Think about the passion, purpose of your life

Why were you born? What is the real purpose of your life? Have you ever pondered these questions?

In today’s world, with jobs, children, chores and leisure activities, life just seems to pass by quickly. Perhaps you don’t want to think about such deep thoughts, then again, maybe we should. It might help those struggling with such issues as drugs, alcohol, depression or any changes in the course of their lives. The word “purpose” as a noun means motivation, reason or cause.

As Christians, our purpose is to glorify, worship and adore God. A couple of verses you might want to read are Ephesians 1:11-14 and Romans 8:28. Bishop T.D. Jakes says “If you can’t figure out your purpose, figure out your passion. For your passion will lead you right into your purpose.”

It could even be your profession in life such as a doctor, attorney, counselor, artist, etc. In an experimental research program, a relationship was found between happiness and helping behavior. By helping others, we create positive bonds with people and enhance our self-image. Those who had more opportunities to offer help felt eleven percent better about themselves. I read some of the following from a book titled “The 100 Simple Secrets of Happy People.” I hope you find it as interesting as I did.

The Labor Department has done a study on older workers to find out what keeps them coming to work and what encourages them to retire. One of the most often cited reasons for stopping work is that they are tired or want to spend more time in their garden. What often sends older folks into retirement is the feeling that they felt that their purpose was in doubt, that others could do what they could do better, and that they were only taking up space. They left because they were no longer needed.

Think about what this means for our personal lives. Even though we can’t retire from our personal lives, we still need to feel needed. Remember how much other people matter to you and realize that you matter to them just as much. Think of those who rely on your friendship, caring, guidance, help. You probably don’t realize how important you are to the people in your life.

Sometimes I wonder if our young people feel as though there is no hope or purpose in their lives. Thus, they turn to alcohol and drugs. They feel so alone and become depressed. In a recent newspaper I read the story about drug overdose deaths overwhelming the medical examiners. First, I feel bad for the young people who felt drugs were their only way out. Second, I feel bad for the medical personnel that must examine those bodies, sometimes weeks or months later. They are running out of room to store the bodies. According to that article, a record 47,055 people died from drug overdoses in the U.S. in 2014, according to the latest figures from the federal Centers for Disease Control and Prevention. The number was up 7 percent from 2013, spurred by large increases in heroin and opioid painkiller deaths. Reports indicate overdoses continue to increase. To these young people I would like to direct them to The Bible, especially to Revelation 3:20 “Here I am! I stand at the door and knock. If anyone hears my voice and opens the door, I will come in and eat with him, and he with me.”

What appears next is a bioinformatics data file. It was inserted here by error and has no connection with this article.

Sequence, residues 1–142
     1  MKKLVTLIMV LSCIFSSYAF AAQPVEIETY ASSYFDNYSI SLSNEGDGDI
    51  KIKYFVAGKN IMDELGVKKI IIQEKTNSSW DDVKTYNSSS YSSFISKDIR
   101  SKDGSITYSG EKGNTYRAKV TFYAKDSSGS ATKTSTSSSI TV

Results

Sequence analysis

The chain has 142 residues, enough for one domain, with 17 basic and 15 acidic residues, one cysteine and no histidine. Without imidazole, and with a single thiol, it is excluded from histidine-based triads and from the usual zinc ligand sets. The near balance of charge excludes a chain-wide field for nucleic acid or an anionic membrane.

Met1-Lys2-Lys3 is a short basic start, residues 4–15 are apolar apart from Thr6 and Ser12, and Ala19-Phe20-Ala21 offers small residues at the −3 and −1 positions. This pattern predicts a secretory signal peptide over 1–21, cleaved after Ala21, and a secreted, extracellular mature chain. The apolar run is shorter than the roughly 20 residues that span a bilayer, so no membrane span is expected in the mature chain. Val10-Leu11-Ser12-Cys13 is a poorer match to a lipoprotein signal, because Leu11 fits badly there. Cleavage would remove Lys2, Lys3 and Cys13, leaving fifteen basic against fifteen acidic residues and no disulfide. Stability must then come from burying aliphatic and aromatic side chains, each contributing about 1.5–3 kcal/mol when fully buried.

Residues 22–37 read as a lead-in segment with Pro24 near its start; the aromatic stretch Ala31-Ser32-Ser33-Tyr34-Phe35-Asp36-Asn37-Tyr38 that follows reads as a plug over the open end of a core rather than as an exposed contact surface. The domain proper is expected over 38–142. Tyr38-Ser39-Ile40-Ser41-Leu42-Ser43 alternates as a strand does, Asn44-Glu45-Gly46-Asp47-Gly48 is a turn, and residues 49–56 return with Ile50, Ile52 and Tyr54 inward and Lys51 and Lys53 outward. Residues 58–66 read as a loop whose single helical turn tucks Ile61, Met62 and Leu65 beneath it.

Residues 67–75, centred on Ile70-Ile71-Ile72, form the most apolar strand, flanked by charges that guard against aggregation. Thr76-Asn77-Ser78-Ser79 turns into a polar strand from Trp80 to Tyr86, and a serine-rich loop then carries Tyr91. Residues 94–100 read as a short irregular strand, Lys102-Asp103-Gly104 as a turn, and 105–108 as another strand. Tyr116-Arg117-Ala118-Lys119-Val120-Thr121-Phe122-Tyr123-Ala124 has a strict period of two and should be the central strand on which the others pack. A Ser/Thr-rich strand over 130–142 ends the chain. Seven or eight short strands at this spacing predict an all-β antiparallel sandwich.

Without a purpose nothing happens. You can work 40 hours a week, come home to cook, clean and then take up 72 new good habits, but if there isn’t a reason you are doing it, none of these activities will mean anything to you.

Say you’re a student. Why should you study for a test? To do well in the course. Why do you care if you do well in the course? So you can get a degree. Why do you care if you get a degree? Because it will help you get a good job. Now, the job may be years away, but it is the foundation upon which all your efforts are based. Take away the eventual outcome, and all the steps in between become just killing time. Why bother doing any of these things if they are not leading toward something you care about? It’s more fun to goof off than study for the test and if there is nothing at stake, then we goof off. It is much easier to apply yourself to the activities you do for your family or your personal success if you define what you want and are able to see how what you are doing is leading you forward.

In research on college students, a comparison was made between who enjoyed their lives and studies and students who were least comfortable with their environment. A major difference between the two groups was a sense of underlying purpose in life, which almost twice as many of the former group had.

So, take a few minutes and quietly contemplate where your life is headed. You will find more meaning in life once you know your purpose! Pablo Picasso stated, “The meaning of life is to find your gift. The purpose of life is to give it away.”


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